Mr. MORTENSON: Thanks, Michel.

(Soundbite of music)

MARTIN: To read an excerpt from Greg Mortenson's book, "Three Cups of Tea," please visit our Web site at And that's our program for today. I'm Michel Martin and this is TELL ME MORE from NPR News. Let's talk more tomorrow.

Copyright © 2009 NPR. All rights reserved. Visit our website terms of use and permissions pages at for further information.

NPR transcripts are created on a rush deadline by Verb8tm, Inc., an NPR contractor, and produced using a proprietary transcription process developed with NPR. This text may not be in its final form and may be updated or revised in the future. Accuracy and availability may vary. The authoritative record of NPR’s programming is the audio record.

Excerpt: Three Cups Of Tea

By Greg Mortenson

Someone tucked a heavy quilt over Greg. For the first time in months, he slept indoors. When he woke, he was alone, and blue sky showed through the square hole in the ceiling. Haji Ali's wife, Sakina, brought him lassi, a drink made with yogurt; a flat bread called chapatti; and tea with lots of sugar. Greg wolfed everything down, and Sakina, laughing, brought him more. Greg didn't know at the time how little sugar the Balti had and how precious they considered it. If he had, he would have said no to the second cup of sweet tea.

Sakina left Greg alone, and he looked around the room. Everything from the blackened pots and pans to the oil lanterns looked plain and well used. But not the quilt Greg had slept under. It was made of maroon silk and decorated with tiny mirrors. All the other blankets in the room were thin, worn wool, patched with scraps. Greg realized that his hosts had covered him up with the most valuable thing they owned.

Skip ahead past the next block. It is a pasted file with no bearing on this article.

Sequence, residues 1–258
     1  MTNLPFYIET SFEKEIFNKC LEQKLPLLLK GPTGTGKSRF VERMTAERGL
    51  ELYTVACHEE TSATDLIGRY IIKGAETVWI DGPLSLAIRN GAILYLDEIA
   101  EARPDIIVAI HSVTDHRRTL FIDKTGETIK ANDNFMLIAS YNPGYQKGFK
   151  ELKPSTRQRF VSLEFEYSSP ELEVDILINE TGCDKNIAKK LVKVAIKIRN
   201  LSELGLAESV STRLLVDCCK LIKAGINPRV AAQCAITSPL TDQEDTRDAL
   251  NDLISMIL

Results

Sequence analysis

Greg spent the day in Korphe. Late that afternoon, he heard voices calling. He and most of the rest of the village walked to a cliff that overlooked the Braldu River. There he saw someone crossing the river — but not on a bridge. A wooden box hung from a steel cable that had been strung above the water. A person could sit in the box and pull him- or herself along the cable. Crossing the river this way saved the half day of travel needed to walk to the nearest bridge. But it didn't look terribly safe — and a fall would mean certain death.

When the person was halfway across, Greg recognized him — it was Mouzafer, sitting on top of Greg's pack. Once Mouzafer reached the other side, he again slapped Greg on the back, looked him up and down, and shouted, "Allah Akbhar!"

After a meal of roasted chicken at Haji Ali's house, Mouzafer and Greg left Korphe. They met up with Scott Darsney, and the two climbers made the long journey by jeep down to the city of Skardu. But Greg felt something tugging him back to Korphe and returned as soon as he could arrange for a ride. He stayed in Haji Ali's house and rested, recovering his strength. Now that he was out of danger, Greg realized just how weakened he had become. He would walk around the village for a few hours each day, with children holding his hands, and then return to Haji Ali's to sleep or simply lie down, staring at the sky.

As Greg slowly got better, he learned more and more about how people lived in this part of Pakistan, called Baltistan. The village of Korphe was perched on a rocky mountain slope, and the people there worked amazingly hard to grow the food they ate—apricots, barley, potatoes—and to take care of the animals they raised. Greg found out that the nearest doctor lived a week's walk away, and that many of the people in Korphe had diseases that would be easily cured in the United States. Most of the children did not get quite enough to eat and suffered from malnutrition. One out of three children died before the age of one.